Behavioral HealthBRIEF REPORT

The use of person-first language in scientific literature focused on drug-seeking behavior: a cross-sectional analysis

Patrick Sharp, DO; Jaclyn Slattery, DO; Austin Johnson, BS; Trevor Torgerson, BS; Ryan Ottwell, DO; Matt Vassar, PhD; and Micah Hartwell, PhD
Notes and Affiliations
Notes and Affiliations

Received: May 11, 2021

Accepted: July 13, 2021

Published: August 23, 2021

  • Patrick Sharp, DO, 

    Oklahoma State University Center for Health Sciences, College of Osteopathic Medicine, Tulsa, OK, USA

  • Jaclyn Slattery, DO, 

    Oklahoma State University Center for Health Sciences, College of Osteopathic Medicine, Tulsa, OK, USA

  • Austin Johnson, BS, 

    Oklahoma State University Center for Health Sciences, College of Osteopathic Medicine, Tulsa, OK, USA

  • Trevor Torgerson, BS, 

    Oklahoma State University Center for Health Sciences, College of Osteopathic Medicine, Tulsa, OK, USA

  • Ryan Ottwell, DO, 

    Oklahoma State University Center for Health Sciences, College of Osteopathic Medicine, Tulsa, OK, USA

  • Matt Vassar, PhD, 

    Oklahoma State University Center for Health Sciences, College of Osteopathic Medicine, Tulsa, OK, USA

  • Micah Hartwell, PhD, 

    Oklahoma State University Center for Health Sciences, College of Osteopathic Medicine, Tulsa, OK, USA

Abstract

Context: Person first language (PFL) – a way of referring to individuals with medical conditions or disability that emphasizes the person over their condition or disability – is important in reducing the stigma surrounding individuals who exhibit drug-seeking behavior. Drug-seeking behavior is generally associated with a negative connotation by healthcare professionals, which may create poor provider perceptions of these individuals and potentially impact patient care. Therefore, to reduce stigmatization surrounding drug-seeking behavior and to improve patient care in these individuals, the use of PFL should be promoted.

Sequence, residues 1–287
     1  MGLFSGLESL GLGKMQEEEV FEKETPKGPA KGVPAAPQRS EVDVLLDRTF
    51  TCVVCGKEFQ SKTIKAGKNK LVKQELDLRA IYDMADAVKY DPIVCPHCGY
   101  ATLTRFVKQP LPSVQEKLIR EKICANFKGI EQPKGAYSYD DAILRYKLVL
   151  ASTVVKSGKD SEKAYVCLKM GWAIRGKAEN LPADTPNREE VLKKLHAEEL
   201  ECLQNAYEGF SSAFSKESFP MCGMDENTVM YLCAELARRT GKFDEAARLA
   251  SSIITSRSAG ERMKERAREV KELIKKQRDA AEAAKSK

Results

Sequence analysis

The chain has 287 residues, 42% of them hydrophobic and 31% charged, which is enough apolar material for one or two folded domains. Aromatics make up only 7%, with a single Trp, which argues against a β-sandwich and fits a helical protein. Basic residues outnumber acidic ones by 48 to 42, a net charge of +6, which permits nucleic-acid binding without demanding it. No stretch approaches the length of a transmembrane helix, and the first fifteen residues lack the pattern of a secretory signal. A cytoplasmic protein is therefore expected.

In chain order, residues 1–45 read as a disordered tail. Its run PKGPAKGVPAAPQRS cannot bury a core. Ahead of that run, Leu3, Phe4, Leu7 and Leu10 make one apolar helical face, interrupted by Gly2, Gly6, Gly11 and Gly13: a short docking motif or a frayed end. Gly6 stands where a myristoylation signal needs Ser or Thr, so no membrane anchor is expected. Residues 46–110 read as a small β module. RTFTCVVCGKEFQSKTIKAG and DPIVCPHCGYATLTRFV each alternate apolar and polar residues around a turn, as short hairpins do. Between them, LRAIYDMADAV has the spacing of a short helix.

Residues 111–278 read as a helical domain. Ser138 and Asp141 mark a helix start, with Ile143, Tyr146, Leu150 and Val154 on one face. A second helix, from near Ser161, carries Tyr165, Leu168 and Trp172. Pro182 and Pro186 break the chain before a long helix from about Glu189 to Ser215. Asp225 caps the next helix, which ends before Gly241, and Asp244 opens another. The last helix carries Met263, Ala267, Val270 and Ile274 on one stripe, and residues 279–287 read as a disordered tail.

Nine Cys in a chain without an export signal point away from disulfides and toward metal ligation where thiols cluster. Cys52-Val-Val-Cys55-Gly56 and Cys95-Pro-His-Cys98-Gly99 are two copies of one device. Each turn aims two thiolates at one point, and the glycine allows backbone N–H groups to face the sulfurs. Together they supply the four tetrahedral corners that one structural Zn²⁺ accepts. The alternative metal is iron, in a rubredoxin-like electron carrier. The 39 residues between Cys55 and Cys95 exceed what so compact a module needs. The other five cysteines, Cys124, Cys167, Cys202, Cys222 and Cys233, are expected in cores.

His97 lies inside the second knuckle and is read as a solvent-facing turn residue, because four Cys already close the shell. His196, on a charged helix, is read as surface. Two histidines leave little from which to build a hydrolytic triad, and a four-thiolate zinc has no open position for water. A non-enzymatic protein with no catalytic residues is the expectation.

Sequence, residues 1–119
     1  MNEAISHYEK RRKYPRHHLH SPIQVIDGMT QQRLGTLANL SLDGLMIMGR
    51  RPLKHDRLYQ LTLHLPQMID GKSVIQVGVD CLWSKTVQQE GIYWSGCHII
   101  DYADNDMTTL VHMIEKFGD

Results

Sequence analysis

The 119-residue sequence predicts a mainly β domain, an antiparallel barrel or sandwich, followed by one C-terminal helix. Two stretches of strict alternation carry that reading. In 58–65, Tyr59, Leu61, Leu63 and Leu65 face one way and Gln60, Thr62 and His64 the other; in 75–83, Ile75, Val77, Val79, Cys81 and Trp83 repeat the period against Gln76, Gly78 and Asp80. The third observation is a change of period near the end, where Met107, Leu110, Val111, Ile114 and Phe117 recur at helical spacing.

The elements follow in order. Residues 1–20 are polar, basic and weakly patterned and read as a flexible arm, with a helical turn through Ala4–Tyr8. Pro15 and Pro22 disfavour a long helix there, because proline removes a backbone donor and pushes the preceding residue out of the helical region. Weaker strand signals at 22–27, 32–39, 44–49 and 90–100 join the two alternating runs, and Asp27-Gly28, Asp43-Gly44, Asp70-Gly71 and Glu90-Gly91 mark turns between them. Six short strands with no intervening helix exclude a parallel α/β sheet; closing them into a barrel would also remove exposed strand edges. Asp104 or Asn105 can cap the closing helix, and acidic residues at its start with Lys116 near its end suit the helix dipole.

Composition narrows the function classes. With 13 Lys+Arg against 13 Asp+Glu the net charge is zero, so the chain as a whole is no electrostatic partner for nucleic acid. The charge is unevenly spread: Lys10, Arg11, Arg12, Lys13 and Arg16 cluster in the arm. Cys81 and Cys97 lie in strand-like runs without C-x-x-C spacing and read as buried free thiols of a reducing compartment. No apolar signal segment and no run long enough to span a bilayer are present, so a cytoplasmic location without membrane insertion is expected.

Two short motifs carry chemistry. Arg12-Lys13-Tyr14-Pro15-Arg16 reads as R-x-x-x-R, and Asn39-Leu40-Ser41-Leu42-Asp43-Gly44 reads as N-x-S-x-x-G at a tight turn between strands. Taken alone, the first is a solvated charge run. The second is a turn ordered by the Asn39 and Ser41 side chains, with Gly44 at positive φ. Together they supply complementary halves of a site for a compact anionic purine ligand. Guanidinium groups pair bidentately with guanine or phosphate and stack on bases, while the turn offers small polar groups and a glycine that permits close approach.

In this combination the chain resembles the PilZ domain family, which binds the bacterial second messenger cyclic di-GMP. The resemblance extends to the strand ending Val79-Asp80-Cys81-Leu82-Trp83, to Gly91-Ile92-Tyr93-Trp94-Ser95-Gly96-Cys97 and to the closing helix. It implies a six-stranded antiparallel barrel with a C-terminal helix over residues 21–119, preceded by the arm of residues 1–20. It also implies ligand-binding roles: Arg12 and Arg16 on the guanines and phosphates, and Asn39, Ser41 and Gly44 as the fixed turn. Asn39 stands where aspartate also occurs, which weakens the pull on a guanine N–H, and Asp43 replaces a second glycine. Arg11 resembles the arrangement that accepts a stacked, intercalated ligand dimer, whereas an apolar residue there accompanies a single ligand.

Objectives: The primary objective of this study is to investigate how frequently research articles focused on drug-seeking behavior adhere to PFL.

Methods: We performed a cross-sectional analysis systematically searching PubMed for articles published between May 1, 2011, and April 30, 2020, focused on drug-seeking behavior. To be included, the article must have met the following criteria: (1) published in a peer-reviewed journal; (2) relevant to drug-seeking behavior; and (3) must include human subjects and be retrievable in English. All articles were screened and data were extracted independently in a masked, duplicate fashion. Each article was reviewed for 19 predefined non-PFL terms with certain terms adopted from the American Medical Association Manual of Style.

Results: Our search returned 699 articles related to drug-seeking behavior, of which 390 articles met inclusion criteria and were analyzed for non-PFL. Our analysis found only 13.6% (53/390) of articles adhered to PFL while 86.4% (337/390) of articles contained at least some form of non-PFL. There was no association between PFL adherence and extracted study characteristics.

Conclusions: PFL adherence is uncommon among research literature focused on drug-seeking behavior. The power of language can be profound, and should be understood by researchers, health care providers, and educators alike, specifically when dealing with known and exhibited characteristics of substance use disorders. This is relevant because of the high prevalence of substance use disorders, limited amount of prior research, and the impact stigma has on patients and healthcare providers.

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